Darren Star's departed Fox series The Street attempted to be a more male-oriented Sex and the City, focused more on the workplace than the executive producer's HBO hit. "The Street is, of course, Wall Street," says production designer Stephen Hendricksen, who visited this turf once before - he also designed Oliver Stone's 1987 film Wall Street. What changes have 13 years wrought on the New York Financial District trading floor? "Well, the computer technology is overwhelming now," says the designer. "The signature look of our show was flat-screen monitors; that's a technology that didn't exist back then. We wanted this to be as cutting-edge and contemporary-looking as possible."
Which meant, ironically, going not to a New York firm for inspiration and a pilot episode location, but across the river, to Jersey City. "We could not find a place on the real Wall Street that had the look, and was willing to let us come in to shoot," Hendricksen says. "It's very difficult to shoot in any practical location, but to work in a financial company that turns over millions upon millions of dollars per hour - well, they aren't interested in anything slowing them down. And a lot of the established trading floors are old and not interesting-looking. The firm we shot in last March was brand new, and had hundreds of flat-screen monitors."
The Street production went to a practical location for the pilot for a common reason: with no guarantee of a network pickup, producers are loath to spend a lot of money on a set. Once Fox optioned the series, the challenge became adapting the expansive Jersey City trading floor to a soundstage. "We looked at everything available in New York, including warehouses and armories," says the designer. Finally, two stages at Chelsea Piers, home to Law & Order, were commandeered. "We joined the stages together, and filled them up to make one elaborate set. We could not duplicate [the original] in terms of square footage, because it was massive. But we took the feel of it, so there was a real attempt at continuity between what you see in the pilot and in the rest of the episodes."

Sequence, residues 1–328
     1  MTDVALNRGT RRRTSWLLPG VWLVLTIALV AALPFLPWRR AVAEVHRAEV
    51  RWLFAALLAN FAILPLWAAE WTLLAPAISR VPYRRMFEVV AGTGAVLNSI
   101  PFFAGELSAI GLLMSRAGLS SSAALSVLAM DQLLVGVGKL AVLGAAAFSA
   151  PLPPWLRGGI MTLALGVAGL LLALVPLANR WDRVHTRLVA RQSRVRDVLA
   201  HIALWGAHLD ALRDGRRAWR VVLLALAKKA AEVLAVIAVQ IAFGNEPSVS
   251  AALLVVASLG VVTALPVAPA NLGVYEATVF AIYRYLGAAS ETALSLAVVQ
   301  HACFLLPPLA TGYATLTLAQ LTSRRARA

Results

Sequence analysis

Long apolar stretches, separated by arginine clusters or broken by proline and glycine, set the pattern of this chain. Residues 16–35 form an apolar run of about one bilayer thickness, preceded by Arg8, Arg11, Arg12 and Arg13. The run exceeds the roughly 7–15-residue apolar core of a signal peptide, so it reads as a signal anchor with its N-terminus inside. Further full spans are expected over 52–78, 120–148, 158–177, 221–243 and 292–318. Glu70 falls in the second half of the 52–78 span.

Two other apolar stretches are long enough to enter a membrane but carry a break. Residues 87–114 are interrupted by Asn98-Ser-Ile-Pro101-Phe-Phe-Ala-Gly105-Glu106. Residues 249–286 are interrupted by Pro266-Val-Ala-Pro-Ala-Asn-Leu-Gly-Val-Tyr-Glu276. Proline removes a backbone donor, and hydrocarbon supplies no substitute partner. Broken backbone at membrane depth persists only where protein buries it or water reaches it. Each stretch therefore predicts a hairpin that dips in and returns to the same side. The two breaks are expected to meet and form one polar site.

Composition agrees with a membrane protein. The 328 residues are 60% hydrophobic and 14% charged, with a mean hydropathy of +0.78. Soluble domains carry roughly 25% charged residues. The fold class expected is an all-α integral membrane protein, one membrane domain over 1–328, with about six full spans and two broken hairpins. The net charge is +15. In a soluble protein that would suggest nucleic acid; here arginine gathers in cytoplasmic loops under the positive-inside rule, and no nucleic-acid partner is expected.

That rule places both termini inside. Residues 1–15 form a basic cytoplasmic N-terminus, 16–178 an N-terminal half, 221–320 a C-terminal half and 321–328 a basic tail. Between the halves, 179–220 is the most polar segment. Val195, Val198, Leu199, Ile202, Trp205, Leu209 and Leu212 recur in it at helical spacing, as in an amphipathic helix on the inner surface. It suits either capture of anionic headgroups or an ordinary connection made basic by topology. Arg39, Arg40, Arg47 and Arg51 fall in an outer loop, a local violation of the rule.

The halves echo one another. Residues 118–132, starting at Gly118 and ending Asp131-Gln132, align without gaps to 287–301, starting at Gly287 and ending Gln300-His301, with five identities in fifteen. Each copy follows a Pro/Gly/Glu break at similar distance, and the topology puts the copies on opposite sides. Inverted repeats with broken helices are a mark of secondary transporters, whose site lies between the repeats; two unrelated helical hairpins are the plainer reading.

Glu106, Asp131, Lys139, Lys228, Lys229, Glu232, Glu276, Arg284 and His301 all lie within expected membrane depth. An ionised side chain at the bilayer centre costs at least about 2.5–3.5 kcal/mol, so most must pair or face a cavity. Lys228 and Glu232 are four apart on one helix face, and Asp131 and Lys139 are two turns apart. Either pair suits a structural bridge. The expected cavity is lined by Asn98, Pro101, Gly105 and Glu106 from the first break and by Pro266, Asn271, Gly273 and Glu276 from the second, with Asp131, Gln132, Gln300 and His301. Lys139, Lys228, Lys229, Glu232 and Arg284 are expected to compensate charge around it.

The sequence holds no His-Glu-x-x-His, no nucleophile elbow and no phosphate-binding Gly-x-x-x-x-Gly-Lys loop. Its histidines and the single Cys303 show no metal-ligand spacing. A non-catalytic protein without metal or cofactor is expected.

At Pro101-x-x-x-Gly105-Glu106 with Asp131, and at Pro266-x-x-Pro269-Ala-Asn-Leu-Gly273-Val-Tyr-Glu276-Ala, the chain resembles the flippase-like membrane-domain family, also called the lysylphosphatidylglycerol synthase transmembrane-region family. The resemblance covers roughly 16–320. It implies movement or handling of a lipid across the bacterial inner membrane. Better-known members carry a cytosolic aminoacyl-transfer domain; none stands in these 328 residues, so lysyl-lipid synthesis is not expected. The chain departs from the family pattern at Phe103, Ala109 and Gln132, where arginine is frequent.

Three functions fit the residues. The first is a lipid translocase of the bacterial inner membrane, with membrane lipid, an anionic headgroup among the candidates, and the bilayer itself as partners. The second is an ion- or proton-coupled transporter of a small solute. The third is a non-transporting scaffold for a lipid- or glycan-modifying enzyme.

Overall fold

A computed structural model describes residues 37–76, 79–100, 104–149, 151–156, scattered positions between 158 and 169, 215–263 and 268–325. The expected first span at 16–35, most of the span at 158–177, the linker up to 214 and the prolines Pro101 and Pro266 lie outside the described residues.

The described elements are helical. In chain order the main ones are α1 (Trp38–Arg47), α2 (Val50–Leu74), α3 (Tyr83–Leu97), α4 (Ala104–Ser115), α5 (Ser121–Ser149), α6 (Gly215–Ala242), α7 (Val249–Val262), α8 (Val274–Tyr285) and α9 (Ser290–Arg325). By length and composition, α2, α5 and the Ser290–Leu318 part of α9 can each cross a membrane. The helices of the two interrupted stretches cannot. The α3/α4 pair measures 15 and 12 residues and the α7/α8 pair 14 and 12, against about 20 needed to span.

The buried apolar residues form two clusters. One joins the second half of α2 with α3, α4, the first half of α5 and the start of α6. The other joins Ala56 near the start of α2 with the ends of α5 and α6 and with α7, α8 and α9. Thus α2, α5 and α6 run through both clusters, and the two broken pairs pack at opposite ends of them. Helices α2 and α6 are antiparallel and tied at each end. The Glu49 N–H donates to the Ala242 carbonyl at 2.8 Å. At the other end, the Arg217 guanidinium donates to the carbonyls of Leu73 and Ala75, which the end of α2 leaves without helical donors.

The Chelsea Piers version of the series' Balmont Stevens, Inc. firm had about 70 traders on the set, as against the 250 traders at the Jersey City model. "We built to the walls of the studio, so we couldn't have made it any bigger," says Hendricksen. The set was crammed with rows of trader desks and monitors, with raised levels on two sides, and, as the designer puts it, "glass, glass everywhere - walls, desktops, sconces," and, of course, screens. Only 14 of the monitors - each valued at $14,000, all of them donated - were real, however. The rest were art department simulacra. Along one wall, windows faced lower Manhattan backings, courtesy of Rosco. "They're printed on vinyl from photography that's scanned and digitized," the designer says. "It's basically bits and pieces of buildings digitally slammed together."
Though The Street has been cancelled, while it was going, Hendricksen was left breathless by its serial nature. The designer has worked on numerous features, commercial and television films, including an Emmy-nominated gig on the 1999 version of Annie, but this was his first series. "You get one episode up and you're already scouting and prepping the next one," he says. "In a way it's like a feature, because week after week after week you keep going." Until, abruptly, you don't.